You can also cook it in a saucepan using the same method as with potatoes. Cook the broccoli for about 10 minutes, then drain and eat as usual.

It is an excellent addition to pizza, providing you with a healthy dose of fiber and nutrients that will keep your hunger at bay for a long time.

Add some vegetables such as peppers, mushrooms, or onions to make it even more nutritious.

3. Carrots:

High in Vitamin A

Carrots are crunchy, sweet vegetables that come in a variety of colors such as orange, purple, and yellow. Native to Afghanistan, these edible roots are 92% water and rich in vitamins and minerals. They have been enjoyed by humans since the Middle Ages where they were widely cultivated in Europe as a staple food crop.

One cup of chopped carrots contains about 50 calories and provides you with just over half the amount of your daily vitamin A needs.

Vitamin A is an essential fat-soluble vitamin necessary for maintaining healthy skin and vision, and also supports the immune system.

You can cook the carrots in a microwave for about 2 minutes or until they turn soft. You can also boil them for about 8 minutes or until a fork can easily pierce the vegetable.

You can eat them boiled or mashed as a side dish, or even add a small amount of butter and honey to taste.

You can also cut them into sticks and fry them with some salt, pepper, and garlic for a delicious snack.

4. Cauliflower:

High in Antioxidants

Cauliflowers are white-colored vegetables that resemble the flower of the same name. Native to Italy, these members of the cabbage family are a good source of important vitamins and minerals.

One cup of chopped cauliflower contains about 34 calories and provides you with over 20% of your daily vitamin C and vitamin K needs.

It is also an excellent source of vitamin B6, and a very good source of dietary fiber, folate, potassium, phosphorus, and manganese.

You can eat it as it is for a snack or boiled as a side dish. You can also make delicious sauces and dips using this vegetable such as mashed ‘cauliflower mashed potatoes’.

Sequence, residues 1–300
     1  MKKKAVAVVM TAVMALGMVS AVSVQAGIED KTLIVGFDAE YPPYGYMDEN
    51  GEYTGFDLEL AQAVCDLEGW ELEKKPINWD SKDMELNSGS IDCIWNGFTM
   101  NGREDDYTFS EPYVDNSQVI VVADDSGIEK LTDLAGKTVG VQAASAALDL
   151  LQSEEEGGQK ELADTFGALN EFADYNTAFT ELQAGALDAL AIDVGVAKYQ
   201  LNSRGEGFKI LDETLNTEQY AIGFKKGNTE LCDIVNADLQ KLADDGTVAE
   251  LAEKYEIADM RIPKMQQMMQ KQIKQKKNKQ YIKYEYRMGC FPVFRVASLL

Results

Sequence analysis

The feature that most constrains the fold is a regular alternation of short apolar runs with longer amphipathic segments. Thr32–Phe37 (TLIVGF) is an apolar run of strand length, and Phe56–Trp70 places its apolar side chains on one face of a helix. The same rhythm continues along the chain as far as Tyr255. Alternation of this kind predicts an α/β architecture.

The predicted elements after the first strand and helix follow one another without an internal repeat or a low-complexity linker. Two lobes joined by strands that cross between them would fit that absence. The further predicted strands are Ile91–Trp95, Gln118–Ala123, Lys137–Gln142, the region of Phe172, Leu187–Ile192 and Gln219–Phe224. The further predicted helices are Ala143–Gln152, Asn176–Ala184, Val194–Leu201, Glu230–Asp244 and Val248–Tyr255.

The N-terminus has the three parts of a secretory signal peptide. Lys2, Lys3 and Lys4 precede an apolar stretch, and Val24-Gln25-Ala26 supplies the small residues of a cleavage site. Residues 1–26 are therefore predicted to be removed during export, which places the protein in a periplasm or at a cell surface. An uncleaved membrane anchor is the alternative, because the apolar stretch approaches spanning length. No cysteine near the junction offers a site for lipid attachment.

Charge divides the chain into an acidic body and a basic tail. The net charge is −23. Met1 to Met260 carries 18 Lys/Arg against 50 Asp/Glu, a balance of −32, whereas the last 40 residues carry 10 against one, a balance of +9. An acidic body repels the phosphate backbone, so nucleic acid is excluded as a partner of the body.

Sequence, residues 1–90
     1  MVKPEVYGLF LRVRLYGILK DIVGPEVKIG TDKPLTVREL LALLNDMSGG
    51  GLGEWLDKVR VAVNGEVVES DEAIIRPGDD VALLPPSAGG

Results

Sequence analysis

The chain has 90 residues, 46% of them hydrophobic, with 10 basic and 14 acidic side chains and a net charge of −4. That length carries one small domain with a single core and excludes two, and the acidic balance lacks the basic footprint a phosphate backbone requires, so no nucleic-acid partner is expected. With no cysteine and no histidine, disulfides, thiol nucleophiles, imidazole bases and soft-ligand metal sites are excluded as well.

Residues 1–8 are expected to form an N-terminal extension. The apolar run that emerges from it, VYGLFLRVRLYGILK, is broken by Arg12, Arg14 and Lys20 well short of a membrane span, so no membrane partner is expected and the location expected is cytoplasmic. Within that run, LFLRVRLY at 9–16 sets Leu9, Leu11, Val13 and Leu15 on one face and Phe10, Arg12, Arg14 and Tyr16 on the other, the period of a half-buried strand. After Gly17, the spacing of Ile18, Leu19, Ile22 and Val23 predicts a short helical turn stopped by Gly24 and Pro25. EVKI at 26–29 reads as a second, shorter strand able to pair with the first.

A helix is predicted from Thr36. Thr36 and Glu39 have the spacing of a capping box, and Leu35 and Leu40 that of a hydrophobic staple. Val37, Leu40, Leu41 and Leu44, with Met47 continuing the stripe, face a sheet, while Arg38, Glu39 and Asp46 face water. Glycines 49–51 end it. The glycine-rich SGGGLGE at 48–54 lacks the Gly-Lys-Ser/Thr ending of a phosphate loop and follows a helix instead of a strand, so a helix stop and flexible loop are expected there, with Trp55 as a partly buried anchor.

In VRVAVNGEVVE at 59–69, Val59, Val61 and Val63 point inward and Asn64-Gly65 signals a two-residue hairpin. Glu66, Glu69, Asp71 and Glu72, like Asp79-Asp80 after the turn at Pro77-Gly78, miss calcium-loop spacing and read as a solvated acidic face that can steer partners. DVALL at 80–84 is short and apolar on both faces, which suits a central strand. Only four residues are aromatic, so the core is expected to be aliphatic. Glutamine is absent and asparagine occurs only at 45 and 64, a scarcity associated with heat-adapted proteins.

Another idea is to add some extra flavor by lightly frying them with some curry powder and salt.

5. Asparagus:

Good for Kidney and Bladder Health

Asparagus is a spring vegetable that has been grown in American gardens since 1780. It is the green shoots of a species of perennial flowering plant belonging to the genus Asparagus, which grows up to 15 centimeters tall.

It contains about 30 calories per 6-inch stalk and is rich in vitamins, minerals, and dietary fiber.

It is an excellent source of vitamin K, and a very good source of vitamin A, vitamin C, vitamin E, vitamin B5, folate, pantothenic acid, minerals like manganese and copper.

This vegetable is also high in antioxidants such as glutathione that may help reduce the risk of some types of cancer.

It has been found to be effective for improving kidney function and reducing kidney stones.

Sources & references used in this article:

Microbiological hazards and emerging food-safety issues associated with seafoods by K Gunnars – 2017

Lose Your Final 15: Dr. Ro’s Plan to Eat 15 Servings A Day & Lose 15 Pounds at a Time by ES Garrett, ML Jahncke… – Journal of food …, 1997 – meridian.allenpress.com

The Last 15: A Weight Loss Breakthrough by RM Brock – 2016 – books.google.com

The Body Reset Diet: Power Your Metabolism, Blast Fat, and Shed Pounds in Just 15 Days by J Shulman – 2010 – books.google.com

The incredibly functional egg by H Pasternak – 2014 – books.google.com

Survival: Black/White: Pergamon General Psychology Series, Volume 15 by WJ Stadelman – Poultry Science, 1999 – Elsevier